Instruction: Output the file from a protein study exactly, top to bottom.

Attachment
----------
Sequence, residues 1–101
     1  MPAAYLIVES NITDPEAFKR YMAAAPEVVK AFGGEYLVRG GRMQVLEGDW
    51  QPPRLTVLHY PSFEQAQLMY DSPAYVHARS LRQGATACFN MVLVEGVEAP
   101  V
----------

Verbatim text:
Sequence, residues 1–101
     1  MPAAYLIVES NITDPEAFKR YMAAAPEVVK AFGGEYLVRG GRMQVLEGDW
    51  QPPRLTVLHY PSFEQAQLMY DSPAYVHARS LRQGATACFN MVLVEGVEAP
   101  V